Bookmark   January 10, 2013 at 6:37AM
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midmented(6B)

I need to create good schedule for winter sowing different things at different times. Does anyone have a schedule they have (week by week) of when to sow which vegetable? Things I'd like to winter sow are: (Tomatoes and peppers I figured out), Eggplant, Marigolds, Cabbage, asparagus seed and onion seed.

Thanks in advance!

Here is a link that might be useful: DW's Blog

    Bookmark   January 10, 2013 at 11:54AM
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growsy(8b GA)

I am enjoying your blog, too, midmented!

    Bookmark   January 10, 2013 at 2:31PM
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pghgardengirl(6b SW PA)

I only have success with eggplants started inside and transplanted to large containers or pots. My eggplants have never been fond of the unpredictable swings we get in temp May and June. They definitely like it warm...

    Bookmark   January 10, 2013 at 6:30PM
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midmented(6B)

Occasionally, I visit a local produce grower and get the chance to walk the fields with him. Kindly, he answers a few questions each time. Last year I noticed a row of eggplants that were growing very nicely but never asked what variety they were. Interestly enough, they were on the backside of a hill where they didn't get much early morning sun but from late morning on they did. I always thought they needed full sun but his were looking really good. I'll have to drop by early season this year and ask for a few pointers.

Here is a link that might be useful: DW's Blog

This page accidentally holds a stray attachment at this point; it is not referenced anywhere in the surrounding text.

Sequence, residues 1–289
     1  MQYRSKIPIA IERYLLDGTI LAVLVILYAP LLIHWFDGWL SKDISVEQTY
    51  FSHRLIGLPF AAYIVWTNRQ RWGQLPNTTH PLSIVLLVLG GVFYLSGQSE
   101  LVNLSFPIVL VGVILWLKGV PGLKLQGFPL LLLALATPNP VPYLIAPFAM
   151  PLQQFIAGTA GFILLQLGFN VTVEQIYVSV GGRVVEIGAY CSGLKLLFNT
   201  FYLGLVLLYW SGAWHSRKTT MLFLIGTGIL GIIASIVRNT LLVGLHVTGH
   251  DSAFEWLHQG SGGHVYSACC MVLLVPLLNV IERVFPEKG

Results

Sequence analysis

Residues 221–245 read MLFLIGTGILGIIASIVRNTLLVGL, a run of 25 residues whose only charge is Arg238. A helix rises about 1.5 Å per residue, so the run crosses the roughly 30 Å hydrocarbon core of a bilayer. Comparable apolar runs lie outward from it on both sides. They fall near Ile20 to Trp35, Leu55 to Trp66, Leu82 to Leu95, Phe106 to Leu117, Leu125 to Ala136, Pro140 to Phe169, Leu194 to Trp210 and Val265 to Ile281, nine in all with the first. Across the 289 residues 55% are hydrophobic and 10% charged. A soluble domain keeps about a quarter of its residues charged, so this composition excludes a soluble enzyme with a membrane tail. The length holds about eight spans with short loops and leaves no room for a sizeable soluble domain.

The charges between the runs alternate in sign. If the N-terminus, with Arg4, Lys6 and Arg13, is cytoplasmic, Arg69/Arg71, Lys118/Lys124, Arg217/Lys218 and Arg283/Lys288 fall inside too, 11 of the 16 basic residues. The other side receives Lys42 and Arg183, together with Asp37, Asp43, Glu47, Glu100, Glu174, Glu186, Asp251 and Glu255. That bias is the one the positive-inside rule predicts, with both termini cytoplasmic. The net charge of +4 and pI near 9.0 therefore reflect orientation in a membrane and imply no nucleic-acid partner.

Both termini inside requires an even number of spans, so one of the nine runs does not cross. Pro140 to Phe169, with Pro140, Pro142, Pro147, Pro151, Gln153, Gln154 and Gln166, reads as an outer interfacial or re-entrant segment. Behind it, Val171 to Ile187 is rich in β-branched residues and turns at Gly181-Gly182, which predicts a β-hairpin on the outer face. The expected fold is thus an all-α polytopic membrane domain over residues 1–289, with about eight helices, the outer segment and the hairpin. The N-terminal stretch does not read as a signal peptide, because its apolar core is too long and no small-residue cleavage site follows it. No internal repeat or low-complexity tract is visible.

Bookmark   January 10, 2013 at 6:47PM
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midmented(6B)

Talked to a few people today that have successfully had good germination rates WS pepper seed. They told me they used burpee coir potting soil which is available at Lowes at a good price right now. Evidently the difference is having a finer mix that holds together well so a lot of soil makes contact with the seed. It's worth a shot so I'll head over to Lowes tonight or tomorrow and get a couple bags.

Here is a link that might be useful: DW's Blog

1 Like    Bookmark   January 30, 2013 at 6:17PM
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pghgardengirl(6b SW PA)

I used coir last year and I am hooked! I did do an experiment with it. Make sure to mix the coir with seed starting mix/potting soil. For me, just straight coir had really good germination rates but then the plants stopped growing. The ones where I mixed half and half grew really well.

    Bookmark   January 30, 2013 at 9:15PM
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caryltoo Z7/SE PA

Darn, was just at lowe's yesterday, too. Now I'll have to make another trip to try the coir (and since it's right next to my gym I should be going there more anyway, lol). I'll also mix it because germination hasn't been my problem, it's getting them to grow afterward -- they just sit there at a couple inches high. Same thing happens with eggplant. Thanks for the tips.

    Bookmark   January 31, 2013 at 6:18AM
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midmented(6B)

Picked up 3 bags at about $3.50 a bag. It doesn't say coir on the bag but at the bottom it does say made from coconut fiber. Burpee Seed Starter.

Here is a link that might be useful: Picture of bag

    Bookmark   January 31, 2013 at 8:33PM
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thebluemoth(7)

Hello Everyone,

I just posted my first forum post a few minutes ago and then immediately came to read this and found my question answered as it related to the number of seeds I should use per container. The discussion here gave me a 'ball park' figure and I can go from there...right? Right. :D!